We should proceed the same way. Think of all the objections to Christianity regarding repressive sexuality or the record of the church’s injustices. Do any of these things, if true, mean Jesus could not h ave risen from the dead? That’s the first and foremost question to ask. Have we looked at the evidence for the resurrection thoroughly? All our objections actually hang on this issue. If he did not rise from the dead, who cares what the Bible says about sex or about the history of the church? But if he did rise from the dead, then Christianity and its gospel is true, and while we don’t yet have solutions to all those other objections, we can move forward knowing that answers to those questions exist.
If you are looking at Christianity, start by looking at Jesus’ life as it is shown to us in the gospels, and especially at the resurrection. Don’t begin, as modern people do, by asking yourself if Christianity fits who you are. If the resurrection happened, then there is a God who created you for himself and ultimately, yes, Christianity fits you whether you can see it now or not. If he’s real and risen, then just like Paul, even though he had none of the answers to any of his questions, you’ll have to say, “What would you have me do, Lord?”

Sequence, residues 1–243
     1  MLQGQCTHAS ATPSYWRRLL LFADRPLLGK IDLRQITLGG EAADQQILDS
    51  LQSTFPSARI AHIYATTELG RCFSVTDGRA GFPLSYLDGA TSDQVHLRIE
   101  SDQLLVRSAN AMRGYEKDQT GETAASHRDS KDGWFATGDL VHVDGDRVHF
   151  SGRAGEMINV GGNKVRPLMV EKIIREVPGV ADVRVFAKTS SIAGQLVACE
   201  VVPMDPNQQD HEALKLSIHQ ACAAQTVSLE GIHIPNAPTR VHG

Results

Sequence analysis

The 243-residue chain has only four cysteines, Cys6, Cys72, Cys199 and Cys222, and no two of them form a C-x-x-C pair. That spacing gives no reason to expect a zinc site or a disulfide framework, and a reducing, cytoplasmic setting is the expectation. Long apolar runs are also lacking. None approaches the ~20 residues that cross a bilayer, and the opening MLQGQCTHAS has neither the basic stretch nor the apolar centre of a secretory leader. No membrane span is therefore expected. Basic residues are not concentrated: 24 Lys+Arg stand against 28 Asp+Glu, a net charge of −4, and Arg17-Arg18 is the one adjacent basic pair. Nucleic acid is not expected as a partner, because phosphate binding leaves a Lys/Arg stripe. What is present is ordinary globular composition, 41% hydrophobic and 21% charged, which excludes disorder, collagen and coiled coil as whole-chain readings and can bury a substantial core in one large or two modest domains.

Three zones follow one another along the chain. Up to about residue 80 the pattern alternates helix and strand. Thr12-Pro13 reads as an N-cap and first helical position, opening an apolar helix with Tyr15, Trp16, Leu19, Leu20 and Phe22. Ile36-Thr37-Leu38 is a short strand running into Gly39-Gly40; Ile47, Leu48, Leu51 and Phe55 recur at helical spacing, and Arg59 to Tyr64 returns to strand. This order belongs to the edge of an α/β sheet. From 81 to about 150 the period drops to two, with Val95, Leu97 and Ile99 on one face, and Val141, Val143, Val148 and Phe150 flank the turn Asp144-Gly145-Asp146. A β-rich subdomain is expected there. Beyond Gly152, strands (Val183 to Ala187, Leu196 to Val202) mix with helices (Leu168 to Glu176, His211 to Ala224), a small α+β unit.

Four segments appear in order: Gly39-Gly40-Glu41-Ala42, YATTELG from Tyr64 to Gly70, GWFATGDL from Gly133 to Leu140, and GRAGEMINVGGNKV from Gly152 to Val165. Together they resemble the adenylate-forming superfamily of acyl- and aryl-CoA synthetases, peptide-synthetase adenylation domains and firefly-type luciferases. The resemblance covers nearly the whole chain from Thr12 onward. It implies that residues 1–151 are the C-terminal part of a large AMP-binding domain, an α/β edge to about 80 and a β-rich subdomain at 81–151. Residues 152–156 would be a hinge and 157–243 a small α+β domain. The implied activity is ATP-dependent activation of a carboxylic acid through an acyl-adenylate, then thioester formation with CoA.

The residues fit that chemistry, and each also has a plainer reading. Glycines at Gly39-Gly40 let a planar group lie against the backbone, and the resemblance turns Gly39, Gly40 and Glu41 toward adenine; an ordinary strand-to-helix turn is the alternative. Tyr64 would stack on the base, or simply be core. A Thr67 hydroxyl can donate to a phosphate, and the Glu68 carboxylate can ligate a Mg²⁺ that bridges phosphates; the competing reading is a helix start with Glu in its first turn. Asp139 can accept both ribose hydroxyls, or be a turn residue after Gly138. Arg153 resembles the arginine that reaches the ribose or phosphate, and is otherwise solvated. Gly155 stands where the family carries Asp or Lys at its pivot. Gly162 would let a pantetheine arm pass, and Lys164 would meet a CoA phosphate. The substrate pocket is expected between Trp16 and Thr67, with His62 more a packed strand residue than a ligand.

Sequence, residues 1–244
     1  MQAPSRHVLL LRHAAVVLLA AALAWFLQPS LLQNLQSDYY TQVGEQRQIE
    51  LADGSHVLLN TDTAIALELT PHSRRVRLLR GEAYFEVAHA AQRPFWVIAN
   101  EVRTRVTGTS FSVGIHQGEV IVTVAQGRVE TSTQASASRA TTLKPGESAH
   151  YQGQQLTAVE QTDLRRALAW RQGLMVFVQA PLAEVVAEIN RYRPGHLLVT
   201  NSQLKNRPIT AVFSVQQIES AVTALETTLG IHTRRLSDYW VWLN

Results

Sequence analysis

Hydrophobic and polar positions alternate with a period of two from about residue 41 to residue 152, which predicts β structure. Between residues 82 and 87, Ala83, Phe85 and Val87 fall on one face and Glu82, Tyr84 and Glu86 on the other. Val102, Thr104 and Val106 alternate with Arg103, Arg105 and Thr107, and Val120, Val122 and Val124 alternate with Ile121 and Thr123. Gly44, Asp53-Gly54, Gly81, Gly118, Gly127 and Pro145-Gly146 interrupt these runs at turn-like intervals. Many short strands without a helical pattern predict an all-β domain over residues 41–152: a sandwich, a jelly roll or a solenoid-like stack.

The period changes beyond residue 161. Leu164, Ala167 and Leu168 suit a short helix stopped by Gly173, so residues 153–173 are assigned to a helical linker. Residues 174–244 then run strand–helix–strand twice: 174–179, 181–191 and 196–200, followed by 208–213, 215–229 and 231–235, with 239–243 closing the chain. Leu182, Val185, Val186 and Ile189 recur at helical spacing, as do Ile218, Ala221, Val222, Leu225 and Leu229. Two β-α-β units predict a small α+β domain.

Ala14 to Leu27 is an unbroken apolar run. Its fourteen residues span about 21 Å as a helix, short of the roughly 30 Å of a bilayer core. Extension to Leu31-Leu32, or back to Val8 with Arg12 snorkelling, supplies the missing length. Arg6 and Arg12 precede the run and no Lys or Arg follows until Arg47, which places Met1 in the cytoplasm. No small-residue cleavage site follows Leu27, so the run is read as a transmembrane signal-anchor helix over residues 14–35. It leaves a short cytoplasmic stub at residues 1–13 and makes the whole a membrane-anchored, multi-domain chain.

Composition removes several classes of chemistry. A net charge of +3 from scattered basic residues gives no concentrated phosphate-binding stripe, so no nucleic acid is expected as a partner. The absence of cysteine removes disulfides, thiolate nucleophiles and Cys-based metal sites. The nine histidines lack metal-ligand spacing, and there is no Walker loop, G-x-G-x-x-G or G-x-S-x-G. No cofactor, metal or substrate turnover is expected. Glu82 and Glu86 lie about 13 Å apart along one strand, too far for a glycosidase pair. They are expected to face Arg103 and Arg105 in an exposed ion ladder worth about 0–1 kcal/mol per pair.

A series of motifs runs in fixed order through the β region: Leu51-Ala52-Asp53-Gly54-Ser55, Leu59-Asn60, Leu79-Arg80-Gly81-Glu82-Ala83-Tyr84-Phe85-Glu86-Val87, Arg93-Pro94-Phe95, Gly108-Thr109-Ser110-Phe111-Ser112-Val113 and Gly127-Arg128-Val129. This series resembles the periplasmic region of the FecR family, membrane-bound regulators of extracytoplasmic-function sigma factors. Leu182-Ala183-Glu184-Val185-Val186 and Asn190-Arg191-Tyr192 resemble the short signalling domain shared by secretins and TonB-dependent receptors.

The resurrection is not only a vital belief for Christian people, but it is a powerful reality that animates all of Christian life. Hope in Times of Fear makes a case for the resurrection, but also shows the ways it shapes our moral choices, relationships, vision of justice, and our future hope.
Matthew 18:15-20 says:
15 “If your brother or sister sins, go and point out their fault, just between the two of you. If they listen to you, you have won them over. 16 But if they will not listen, take one or two others along, so that ‘every matter may be established by the testimony of two or three witnesses.’ 17 If they still refuse to listen, tell it to the church; and if they refuse to listen even to the church, treat them as you would a pagan or a tax collector.
18 “Truly I tell you, whatever you bind on earth will be bound in heaven, and whatever you loose on earth will be loosed in heaven.